Author: Bobby

Hello. My name's Bobby, and I'm no whiskey expert. I'm here to share my thoughts as a novice whiskey enthusiast. So, when I try new whiskies (mostly bourbons), I'll tell you about them here.

Review: GlenDronach Master Vintage 1993 and Cask Strength Batch 8

Photo courtesy of Glendronach

As the air starts to turn crisp, my urge to grab a bottle of sherried malt grows. Mind you, I enjoy a quality sherried malt year round. But, there’s something about the fruit cake characteristic of a sherry bomb that screams autumn dram. Thankfully, The GlenDronach has just released a couple of new expressions to quench my thirst.

The GlenDronach Master Vintage 1993

This single malt has slowly matured in Andalucian casks for a quarter of a century. The Pedro Ximenez and Oloroso casks that make up this bottling were hand selected by GlenDronach Master Blender Rachel Barrie and bottled at 48.2% ABV. These casks were filled and laid to rest in 1993.

The dark, heavy nose carries aromas of dried fruit, dark toffee, sultanas, and cocoa. On the palate, I agree with the whisky’s official tasting notes of “cocoa-dusted coffee and sultana brioche brightened by a twist of baked orange rind and the juiciness of prune oil.” The finish is long and accompanied by hints of espresso roast and raisins.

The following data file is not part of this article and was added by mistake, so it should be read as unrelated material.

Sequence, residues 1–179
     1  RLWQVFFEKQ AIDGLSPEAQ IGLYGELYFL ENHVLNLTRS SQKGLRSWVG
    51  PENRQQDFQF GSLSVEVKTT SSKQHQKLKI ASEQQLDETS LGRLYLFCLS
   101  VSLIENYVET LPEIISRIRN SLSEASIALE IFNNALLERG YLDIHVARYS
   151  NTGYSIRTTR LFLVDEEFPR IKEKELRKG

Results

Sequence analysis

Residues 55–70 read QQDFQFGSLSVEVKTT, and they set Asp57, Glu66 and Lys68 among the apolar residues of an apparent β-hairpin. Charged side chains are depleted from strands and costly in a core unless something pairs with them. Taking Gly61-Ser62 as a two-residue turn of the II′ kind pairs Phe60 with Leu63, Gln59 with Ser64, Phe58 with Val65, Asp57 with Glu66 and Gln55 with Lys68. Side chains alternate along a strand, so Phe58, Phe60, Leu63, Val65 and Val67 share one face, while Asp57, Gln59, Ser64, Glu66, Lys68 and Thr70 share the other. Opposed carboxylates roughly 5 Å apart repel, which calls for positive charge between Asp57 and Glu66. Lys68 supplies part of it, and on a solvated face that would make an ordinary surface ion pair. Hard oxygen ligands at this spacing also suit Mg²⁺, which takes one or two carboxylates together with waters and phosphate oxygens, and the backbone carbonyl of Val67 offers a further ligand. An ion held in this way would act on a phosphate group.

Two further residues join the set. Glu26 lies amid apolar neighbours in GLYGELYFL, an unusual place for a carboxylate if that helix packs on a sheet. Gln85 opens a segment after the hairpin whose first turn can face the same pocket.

The GlenDronach Master Vintage 1993 hit the spot. It’s rich, dark, fruity, and sumptuous – everything I look for in an old sherried malt. I do like the slight brightness offered by the orange note. It plays well against the whisky’s darker nature. Great on it’s own, The GlenDronach Master Vintage 1993 becomes incredible when paired with a quality Comté. Highly recommended! $350

The GlenDronach Cask Strength Batch 8

The second of the distillery’s recent releases is The Glendronach Cask Strength Batch 8. Bottled at 61% ABV, this cask strength whisky has matured in Pedro Ximenez puncheons, quarter casks, and Oloroso sherry butts for at least ten years. The result is a robust, full-bodied whisky.

Hints of slightly burned caramel, toasted oak, and stewed fruit are found on the nose. Taste-wise, chocolate-covered cherries meet sweet malt and a dark honey note. Dried fruits (raisins, prunes) develop on the mid-palate along with a sprinkling of spice. The long, warm finish sees hints of toasted oak, coffee, and orange peel.

The last cask strength sherried whisky I tasted was too young, bright, and vibrant. That’s not a problem here. Though not as complex as its 25-year-old sibling, this cask strength bottling is firing on all cylinders. It delivers fruity, malty notes in a more concentrated form. The cask strength whisky is extremely drinkable at 61%, but a splash of water doesn’t hurt. Lovely stuff, especially given its $95 SRP. By the way, try this whisky with Parmigiano-Reggiano. You won’t regret it.

Thanks to The GlenDronach for the samples, and to Gabriela for the cheese pairing recommendations. As always, all thoughts and opinions are my own.

Review: Game of Thrones Six Kingdoms Mortlach 15-Year-Old Single Malt

Photo credit: Diageo

At last we have arrived. The HBO epic Game of Thrones is complete. Say what you will about that divisive last season (I’m on the ‘it was okay’ camp, BTW), it was a game changer in the current TV landscape. Diageo celebrated by releasing their Game of Thrones Single Malt Collection, which ranged from pleasant to very good.